Songbird parents evict young for their own benefit
Parents, you might know the feeling. When kids get pushy and demanding, it's a tempting fantasy to shove them out of the house and let them survive on their own. Of course, we'd never put our babies in harm's way, but according to new research from the University of Illinois, many songbird parents give nestlings the boot well before they're ready.
The study, published in the Proceedings of the National Academy of Sciences, shows the behavior is common in songbirds, appearing in 12 of 18 species studied in various habitats throughout the United States. Across species, nestlings were about 14% less likely to survive when they left the nest too early. If chicks suffer when they leave the nest too early, why do parents kick them out?
"Individual chicks may be less likely to survive, but by manipulating them out of the nest early, parents benefit through a 14% increase in their likelihood of raising at least one offspring to independence," says Todd Jones, doctoral student in the Department of Natural Resources and Environmental Sciences (NRES) at Illinois and lead author on the article.
In other words, parents avoid leaving all their eggs in one basket.
"The parents are distributing the risk," says Mike Ward, associate professor in NRES and senior author on the study. "The longer chicks stay in the nest, the greater the chance the whole brood will be lost to predators like snakes or raccoons. But we see parents physically separating chicks in space outside the nest, and that way, the probability of them all dying is almost zero."
The study adds to scientists' understanding of parent-offspring conflict, a concept in evolution describing the tradeoffs inherent to parental care. Putting a lot of resources into kids favors their survival, but can leave parents depleted, at risk of predation or disease, and potentially less able to produce additional offspring. Too little care, and offspring may not survive to carry parents' genes into the next generation. And from an evolutionary perspective, successfully passing genes along is the number one goal.
"For all organisms with parental care, there will always come a point where they're in conflict. In this case, it was a little surprising parents were putting chicks out in a dangerous situation that's good for the parent, but not good for the offspring," Ward says. "But it makes sense from an evolutionary perspective, for the parents."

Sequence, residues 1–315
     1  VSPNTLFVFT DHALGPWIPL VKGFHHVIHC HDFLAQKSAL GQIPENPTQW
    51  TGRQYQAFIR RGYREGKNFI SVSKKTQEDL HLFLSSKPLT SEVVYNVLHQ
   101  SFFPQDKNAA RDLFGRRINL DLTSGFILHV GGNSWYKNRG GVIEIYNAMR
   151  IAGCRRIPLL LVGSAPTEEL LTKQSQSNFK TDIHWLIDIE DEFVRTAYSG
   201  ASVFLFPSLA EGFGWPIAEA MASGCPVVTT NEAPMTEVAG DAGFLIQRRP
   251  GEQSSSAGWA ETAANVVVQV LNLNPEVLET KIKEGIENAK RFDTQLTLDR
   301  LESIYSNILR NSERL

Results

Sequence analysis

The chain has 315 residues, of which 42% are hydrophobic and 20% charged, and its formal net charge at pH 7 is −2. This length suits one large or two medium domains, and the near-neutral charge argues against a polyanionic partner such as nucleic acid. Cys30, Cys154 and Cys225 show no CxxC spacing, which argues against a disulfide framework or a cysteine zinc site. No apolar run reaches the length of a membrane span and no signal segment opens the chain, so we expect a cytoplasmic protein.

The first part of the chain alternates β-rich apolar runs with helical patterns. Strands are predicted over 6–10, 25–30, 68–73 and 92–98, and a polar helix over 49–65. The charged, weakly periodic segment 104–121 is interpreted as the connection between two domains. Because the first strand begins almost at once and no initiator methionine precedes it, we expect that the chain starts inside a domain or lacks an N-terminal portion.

Jones says surviving offspring eventually benefit, too, because the behavior is baked into their DNA.
"While the offspring are suffering a cost in the immediate term, down the road when they're breeding and they do the same thing to their kids, it's also benefiting them. This behavior is being passed down from generation to generation," he says.
The discovery explains an overlooked period in songbird life histories, the juvenile transition. Most previous research focused on what happens in the nest or immediately after fledging. This is the first study comparing survival rates before and after fledging across species and locations, demonstrating an almost universal post-fledging survival decline in these songbirds. It also establishes a baseline for what to expect, survival-wise, against a backdrop of environmental change.
"This has been really understudied, so any information we get on their survival or life histories during this period is really important, especially given anthropogenic landscape changes, global climate change, or what have you. Having that baseline information will allow us to detect shifts or changes in the future," Jones says.
Ward adds, "Some of these species are declining pretty dramatically throughout the Midwest. They're probably right on the razor's edge. So if predation goes up for some reason, it could really have big implications for that cohort throughout the years."
The article, "Parental benefits and offspring costs reflect parent-offspring conflict over the age of fledging among songbirds," is published in the Proceedings of the National Academy of Sciences.